Marshall embraces the same territory as was included in tive and judicial, was to be appointed by the legislature, the XIth District; and the reasons before stated indi or by some officer appointed by it. These appointments cate that the great majority of the votes then cast were were not merely to meet a temporary exigency, but were
either illegal or fictitious. In the counties to which our to hold over two regular elections, and until after the examination extended, there were — illegal votes cast, general election in October, 1857, at which the members as near as the proof will enable us to determine.
While these enactments of the alleged legislative as. and delegates were selected in compliance with its recomsembly were being made, a movement was instituted to mendations. form a State government, and apply for admission into They met at Topeka, on the 19th day of September, the Union as a State. The first step taken by the people 1855. By their resolutions, they provided for the appointof the Territory, in consequence of the invasion of Marchment of an Executive Committee, to consist of seven per30, 1855, was the circulation for signature of a graphic sons, who were required to keep a record of their proanil truthful memorial to Congress. Your Committee ceedings, and shall have a general superintendence of find that every allegation in this memorial has been sus- the affairs of the Territory so far as regards the organizatained by the testimony. No further step was taken, as tion of the State Government." They were required to it was hoped that some action by the General Government take steps for an election to be held on the second Tues. would protect them in their rights. When the alleged day of the October following, under regulations imposed legislative assembly proceeded to construct the series of by that Committee, "for members of a Convention to enactments referred to, the settlers were of opinion that form a Constitution, adopt a Bill of Rights for the people submission to them would result in depriving them of the of Kansas, and take all needful measures for organizing rights 'secured to them by the organic law. Their politi- a State Government, preparatory to the admission of cal condition was freely discussed in the Territory during Kansas into the Union as a State." The rules prescribed the summer of 1855. Several meetings were held in were such as usually govern elections in most of the reference to holding a convention to form a State gov- States of the Union, and in most respects were similar to ernment, and to apply for admission into the Union as a those contained in the proclamation of Gov. Reeder for State. Public opinion gradually settled in favor of such the election of March 30, 1855. an application to the Congress to meet in December, The Executive Committee appointed by that Conven1855. The first general meeting was held in Lawrence on tion accepted their appointment, and entered upon the the 15th of August, 1855.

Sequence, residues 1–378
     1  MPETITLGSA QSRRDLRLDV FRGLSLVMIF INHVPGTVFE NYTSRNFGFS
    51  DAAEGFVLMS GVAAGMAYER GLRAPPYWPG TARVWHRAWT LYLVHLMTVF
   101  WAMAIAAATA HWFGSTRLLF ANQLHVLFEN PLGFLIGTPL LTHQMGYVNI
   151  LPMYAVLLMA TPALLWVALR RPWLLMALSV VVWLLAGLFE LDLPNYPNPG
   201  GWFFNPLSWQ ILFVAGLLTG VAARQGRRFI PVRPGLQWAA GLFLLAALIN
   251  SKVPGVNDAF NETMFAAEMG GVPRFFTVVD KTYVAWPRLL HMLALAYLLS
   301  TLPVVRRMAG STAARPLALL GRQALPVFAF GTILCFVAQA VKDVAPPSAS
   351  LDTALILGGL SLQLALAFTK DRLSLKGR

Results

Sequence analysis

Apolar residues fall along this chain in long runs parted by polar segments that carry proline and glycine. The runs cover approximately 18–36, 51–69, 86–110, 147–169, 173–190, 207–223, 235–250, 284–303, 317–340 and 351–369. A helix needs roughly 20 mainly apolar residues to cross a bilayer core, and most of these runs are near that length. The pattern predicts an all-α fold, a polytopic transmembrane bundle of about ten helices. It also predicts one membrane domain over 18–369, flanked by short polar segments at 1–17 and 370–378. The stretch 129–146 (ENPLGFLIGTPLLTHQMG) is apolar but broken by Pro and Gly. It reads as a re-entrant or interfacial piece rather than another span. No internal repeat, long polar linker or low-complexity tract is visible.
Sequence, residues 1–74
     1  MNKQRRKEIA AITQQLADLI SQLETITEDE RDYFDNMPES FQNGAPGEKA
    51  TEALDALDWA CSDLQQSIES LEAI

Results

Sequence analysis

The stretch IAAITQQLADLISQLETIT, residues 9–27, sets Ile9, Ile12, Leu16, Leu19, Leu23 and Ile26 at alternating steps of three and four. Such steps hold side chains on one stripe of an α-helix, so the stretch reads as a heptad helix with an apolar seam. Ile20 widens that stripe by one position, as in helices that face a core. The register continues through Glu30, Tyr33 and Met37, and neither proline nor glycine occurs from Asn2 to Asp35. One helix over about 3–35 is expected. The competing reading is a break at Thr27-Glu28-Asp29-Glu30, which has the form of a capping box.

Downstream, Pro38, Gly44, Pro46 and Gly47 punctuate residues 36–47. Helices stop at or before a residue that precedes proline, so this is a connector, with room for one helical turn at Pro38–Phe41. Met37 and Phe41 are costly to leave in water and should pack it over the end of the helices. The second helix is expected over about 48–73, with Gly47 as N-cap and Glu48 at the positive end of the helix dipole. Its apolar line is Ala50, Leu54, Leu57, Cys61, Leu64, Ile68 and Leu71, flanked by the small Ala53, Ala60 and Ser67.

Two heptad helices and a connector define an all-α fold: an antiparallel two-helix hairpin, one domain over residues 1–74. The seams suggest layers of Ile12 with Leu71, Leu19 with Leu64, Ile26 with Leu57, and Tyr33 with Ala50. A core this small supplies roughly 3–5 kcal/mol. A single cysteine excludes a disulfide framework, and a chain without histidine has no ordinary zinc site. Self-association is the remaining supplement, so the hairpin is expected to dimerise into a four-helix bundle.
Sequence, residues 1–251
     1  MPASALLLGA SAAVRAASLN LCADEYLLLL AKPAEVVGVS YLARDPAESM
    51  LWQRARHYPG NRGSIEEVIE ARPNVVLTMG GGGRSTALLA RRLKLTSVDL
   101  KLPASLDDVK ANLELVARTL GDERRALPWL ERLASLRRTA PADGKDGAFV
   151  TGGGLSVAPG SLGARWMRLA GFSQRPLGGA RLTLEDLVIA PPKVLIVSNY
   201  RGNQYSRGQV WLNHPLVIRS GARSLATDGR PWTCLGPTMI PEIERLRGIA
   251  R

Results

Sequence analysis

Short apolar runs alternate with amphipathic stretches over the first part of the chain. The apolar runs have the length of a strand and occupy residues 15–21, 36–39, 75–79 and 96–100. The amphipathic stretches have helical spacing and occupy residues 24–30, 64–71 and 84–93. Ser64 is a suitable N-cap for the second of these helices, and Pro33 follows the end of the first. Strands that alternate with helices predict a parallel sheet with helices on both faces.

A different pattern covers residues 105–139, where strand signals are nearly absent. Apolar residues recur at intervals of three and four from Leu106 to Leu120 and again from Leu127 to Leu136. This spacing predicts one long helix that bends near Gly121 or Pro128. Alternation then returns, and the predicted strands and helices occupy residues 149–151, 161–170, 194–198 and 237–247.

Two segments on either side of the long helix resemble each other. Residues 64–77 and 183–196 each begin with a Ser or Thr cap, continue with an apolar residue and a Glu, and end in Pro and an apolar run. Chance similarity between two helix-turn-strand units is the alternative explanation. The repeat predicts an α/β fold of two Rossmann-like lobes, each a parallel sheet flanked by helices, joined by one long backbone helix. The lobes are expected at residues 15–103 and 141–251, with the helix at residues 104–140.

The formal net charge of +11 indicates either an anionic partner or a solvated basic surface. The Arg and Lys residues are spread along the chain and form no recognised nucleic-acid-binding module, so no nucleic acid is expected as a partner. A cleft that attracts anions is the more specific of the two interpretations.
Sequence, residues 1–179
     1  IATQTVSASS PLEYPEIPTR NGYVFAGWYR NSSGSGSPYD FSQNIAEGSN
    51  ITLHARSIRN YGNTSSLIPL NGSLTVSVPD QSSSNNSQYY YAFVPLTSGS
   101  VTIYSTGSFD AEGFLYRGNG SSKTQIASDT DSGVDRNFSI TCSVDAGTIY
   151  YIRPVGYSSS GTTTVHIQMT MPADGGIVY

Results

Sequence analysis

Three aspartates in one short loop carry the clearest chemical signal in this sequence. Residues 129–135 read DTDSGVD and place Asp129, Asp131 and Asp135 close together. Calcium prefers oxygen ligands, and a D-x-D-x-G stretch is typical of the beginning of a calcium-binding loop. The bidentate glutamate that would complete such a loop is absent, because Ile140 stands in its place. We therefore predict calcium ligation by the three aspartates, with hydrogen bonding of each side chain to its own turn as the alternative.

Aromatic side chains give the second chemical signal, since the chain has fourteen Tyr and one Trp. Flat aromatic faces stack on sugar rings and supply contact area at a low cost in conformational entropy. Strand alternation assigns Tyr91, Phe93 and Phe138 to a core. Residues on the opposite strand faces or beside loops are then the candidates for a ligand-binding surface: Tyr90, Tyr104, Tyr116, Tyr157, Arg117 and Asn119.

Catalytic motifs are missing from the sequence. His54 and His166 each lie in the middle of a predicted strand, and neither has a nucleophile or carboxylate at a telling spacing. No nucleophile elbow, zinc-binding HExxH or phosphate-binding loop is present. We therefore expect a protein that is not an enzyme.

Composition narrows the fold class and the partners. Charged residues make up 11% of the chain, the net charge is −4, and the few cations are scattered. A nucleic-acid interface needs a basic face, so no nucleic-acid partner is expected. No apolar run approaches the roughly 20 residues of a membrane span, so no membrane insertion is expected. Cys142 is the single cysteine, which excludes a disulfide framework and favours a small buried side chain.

discharge of their duties by issuing a proclamation ad. The following preamble and resolutions were then dressed to the legal voters of Kansas, requesting them to passed :
meet at their several precincts, at the time and places “Whereas, The people of Kansas have been, since its named in the proclamation, then and there to cast their settlement, and now are, without any law-making power, ballots for members of a Constitutional Convention, to therefore be it
meet at Topeka on the 4th Tuesday of October then “Resolved, That we, the people of Kansas Territory, in mass next. meeting assembled, irrespective of party distinctions, infu
The proclamation designated the places of elections, enced by common necessity, and greatly desirous of promoting the common good, do hereby call upon and request all bona fide appointed judges, recited the qualifications of voters and citizens of Kansas Territory, of whatever political views or pre- the apportionment of members of the Convention. dilections, to consult together in their respective Election Dis- After this proclamation was issued, public meetings tricts and in mass convention or otherwise, elect three delegates were held in every district in the Territory, and in nearly for each representative to which said Election District is en every precinct. The State movement was a general titled in the House of Representatives of the Legislative Assemtopic of discussion throughoat the Territory, and there bly, by proclamation of Governor Reeder, of date 19th of March, 1855; said delegates to assemble in convention, at the